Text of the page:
25 Quantitative MethodsA decision making approach that seeks to obtain a mathematically optimal solutionLinear programmingQueuing techniquesInventory modelsProject modelsForecasting techniquesStatistical models
26 Historical Evolution of OM Industrial RevolutionScientific ManagementHuman Relations MovementDecision Models and Management ScienceInfluence of Japanese Manufacturers
27 Industrial Revolution Pre-Industrial RevolutionCraft production - System in which highly skilled workers use simple, flexible tools to produce small quantities of customized goodsSome key elements of the industrial revolutionBegan in England in the 1770sDivision of labor - Adam Smith, 1776Application of the “rotative” steam engine, 1780sCotton Gin and Interchangeable parts - Eli Whitney, 1792Management theory and practice did not advance appreciably during this period
28 Scientific Management Movement was led by efficiency engineer, Frederick Winslow TaylorBelieved in a “science of management” based on observation, measurement, analysis and improvement of work methods, and economic incentivesManagement is responsible for planning, carefully selecting and training workers, finding the best way to perform each job, achieving cooperate between management and workers, and separating management activities from work activitiesEmphasis was on maximizing output
29 Scientific Management - contributors Frank Gilbreth - father of motion studiesHenry Gantt - developed the Gantt chart scheduling system and recognized the value of non-monetary rewards for motivating employeesHarrington Emerson - applied Taylor’s ideas to organization structureHenry Ford - employed scientific management techniques to his factoriesMoving assembly lineMass production
30 Decision Models & Management Science F.W. Harris – mathematical model for inventory management, 1915Dodge, Romig, and Shewart – statistical procedures for sampling and quality control, 1930sTippett – statistical sampling theory, 1935Operations Research (OR) Groups – OR applications in warfareGeorge Dantzig – linear programming, 1947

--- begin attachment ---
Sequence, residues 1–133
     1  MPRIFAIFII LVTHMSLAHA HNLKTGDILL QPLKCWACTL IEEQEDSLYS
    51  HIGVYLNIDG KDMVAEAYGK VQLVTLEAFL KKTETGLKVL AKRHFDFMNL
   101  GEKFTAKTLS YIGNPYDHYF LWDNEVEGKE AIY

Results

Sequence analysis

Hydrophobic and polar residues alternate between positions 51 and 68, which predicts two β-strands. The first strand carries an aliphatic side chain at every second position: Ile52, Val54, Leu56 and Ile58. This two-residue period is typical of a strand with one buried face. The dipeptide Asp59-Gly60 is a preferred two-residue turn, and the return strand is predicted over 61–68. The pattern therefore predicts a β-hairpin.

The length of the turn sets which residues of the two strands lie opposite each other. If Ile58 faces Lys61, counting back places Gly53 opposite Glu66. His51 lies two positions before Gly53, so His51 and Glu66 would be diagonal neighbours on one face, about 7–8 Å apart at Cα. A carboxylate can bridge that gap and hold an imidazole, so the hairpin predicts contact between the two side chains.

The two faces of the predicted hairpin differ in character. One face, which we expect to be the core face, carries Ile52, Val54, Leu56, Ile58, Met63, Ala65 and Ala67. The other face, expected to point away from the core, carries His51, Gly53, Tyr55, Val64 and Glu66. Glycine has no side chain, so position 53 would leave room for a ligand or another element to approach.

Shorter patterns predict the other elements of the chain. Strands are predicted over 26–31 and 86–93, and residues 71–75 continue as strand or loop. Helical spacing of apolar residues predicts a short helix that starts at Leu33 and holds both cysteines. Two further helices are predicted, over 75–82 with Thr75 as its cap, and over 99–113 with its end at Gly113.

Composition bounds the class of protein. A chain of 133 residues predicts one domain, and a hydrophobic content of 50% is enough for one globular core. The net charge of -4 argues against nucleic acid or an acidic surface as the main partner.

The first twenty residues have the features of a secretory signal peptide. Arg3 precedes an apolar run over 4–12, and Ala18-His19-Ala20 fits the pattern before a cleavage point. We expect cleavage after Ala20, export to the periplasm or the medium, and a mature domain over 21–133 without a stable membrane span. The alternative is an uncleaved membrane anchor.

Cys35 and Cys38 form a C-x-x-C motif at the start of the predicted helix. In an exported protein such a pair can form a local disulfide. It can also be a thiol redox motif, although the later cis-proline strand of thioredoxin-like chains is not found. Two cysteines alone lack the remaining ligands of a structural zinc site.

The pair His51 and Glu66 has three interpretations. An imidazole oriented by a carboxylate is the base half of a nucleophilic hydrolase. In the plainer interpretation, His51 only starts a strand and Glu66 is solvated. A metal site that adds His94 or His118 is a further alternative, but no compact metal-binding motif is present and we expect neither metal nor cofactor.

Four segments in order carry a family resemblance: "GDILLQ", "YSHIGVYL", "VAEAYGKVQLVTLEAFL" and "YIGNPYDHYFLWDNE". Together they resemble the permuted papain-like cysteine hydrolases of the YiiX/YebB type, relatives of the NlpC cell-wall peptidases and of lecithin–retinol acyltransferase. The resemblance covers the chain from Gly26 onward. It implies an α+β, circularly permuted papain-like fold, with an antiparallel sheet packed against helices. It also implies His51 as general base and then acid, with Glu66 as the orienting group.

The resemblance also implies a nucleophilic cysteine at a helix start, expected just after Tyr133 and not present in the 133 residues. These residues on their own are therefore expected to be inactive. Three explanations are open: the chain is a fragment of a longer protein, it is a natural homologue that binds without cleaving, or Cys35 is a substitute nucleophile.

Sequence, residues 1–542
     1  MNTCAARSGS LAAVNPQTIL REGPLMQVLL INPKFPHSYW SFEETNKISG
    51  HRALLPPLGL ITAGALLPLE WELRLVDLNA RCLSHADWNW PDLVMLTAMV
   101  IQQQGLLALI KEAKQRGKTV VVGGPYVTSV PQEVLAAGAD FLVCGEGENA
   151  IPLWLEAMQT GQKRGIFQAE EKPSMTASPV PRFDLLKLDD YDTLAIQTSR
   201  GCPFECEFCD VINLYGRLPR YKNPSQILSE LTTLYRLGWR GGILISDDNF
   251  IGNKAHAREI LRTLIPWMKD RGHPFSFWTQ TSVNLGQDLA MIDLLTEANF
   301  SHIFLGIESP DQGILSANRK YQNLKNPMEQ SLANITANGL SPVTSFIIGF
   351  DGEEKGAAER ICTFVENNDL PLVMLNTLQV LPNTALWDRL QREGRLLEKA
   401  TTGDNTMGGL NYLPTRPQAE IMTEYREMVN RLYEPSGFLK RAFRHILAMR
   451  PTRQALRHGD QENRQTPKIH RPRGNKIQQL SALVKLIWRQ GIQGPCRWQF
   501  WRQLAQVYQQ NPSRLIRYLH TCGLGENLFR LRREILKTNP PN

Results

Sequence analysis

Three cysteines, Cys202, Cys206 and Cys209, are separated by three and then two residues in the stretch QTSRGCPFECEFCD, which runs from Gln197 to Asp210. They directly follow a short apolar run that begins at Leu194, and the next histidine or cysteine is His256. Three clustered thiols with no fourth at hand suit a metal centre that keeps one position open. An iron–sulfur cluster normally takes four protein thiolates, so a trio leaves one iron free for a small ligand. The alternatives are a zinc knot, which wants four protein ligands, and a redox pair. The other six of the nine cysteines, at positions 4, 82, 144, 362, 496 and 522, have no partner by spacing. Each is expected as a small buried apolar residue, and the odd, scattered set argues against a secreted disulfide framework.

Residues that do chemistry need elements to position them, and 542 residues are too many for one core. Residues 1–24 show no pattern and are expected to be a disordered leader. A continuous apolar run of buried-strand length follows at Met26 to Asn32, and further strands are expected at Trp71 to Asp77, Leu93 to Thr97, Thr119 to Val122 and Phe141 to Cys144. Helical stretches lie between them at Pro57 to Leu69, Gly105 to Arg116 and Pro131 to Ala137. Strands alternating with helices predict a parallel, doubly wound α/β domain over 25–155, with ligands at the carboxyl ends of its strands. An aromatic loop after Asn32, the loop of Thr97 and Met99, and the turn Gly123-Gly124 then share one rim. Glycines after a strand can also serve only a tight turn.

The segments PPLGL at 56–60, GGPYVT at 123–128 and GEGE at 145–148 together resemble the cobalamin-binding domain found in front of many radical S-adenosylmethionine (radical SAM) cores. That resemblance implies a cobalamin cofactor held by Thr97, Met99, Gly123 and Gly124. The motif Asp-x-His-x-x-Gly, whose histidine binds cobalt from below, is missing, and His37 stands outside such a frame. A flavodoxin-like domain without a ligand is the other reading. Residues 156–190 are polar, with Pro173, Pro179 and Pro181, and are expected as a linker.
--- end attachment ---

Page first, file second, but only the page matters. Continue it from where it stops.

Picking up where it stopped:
31 Human Relations Movement The human relations movement emphasized the importance of the human element in job designLillian GilbrethElton Mayo – Hawthorne studies on worker motivation, 1930Abraham Maslow – motivation theory, 1940s; hierarchy of needs, 1954Frederick Hertzberg – Two Factor Theory, 1959Douglas McGregor – Theory X and Theory Y, 1960sWilliam Ouchi – Theory Z, 1981
32 Influence of Japanese Manufacturers Refined and developed management practices that increased productivityCredited with fueling the “quality revolutionJust-in-Time productionTheir approach emphasizedquality and continual improvement,worker teams and empowerment, andachieving customer satisfaction.
33 DiscussionBased on your experience, how do operations today differentiate from previous stages? What are the key issues?Hints:What factors came into play?What factors is not as important as before?What do you think the new trend will be?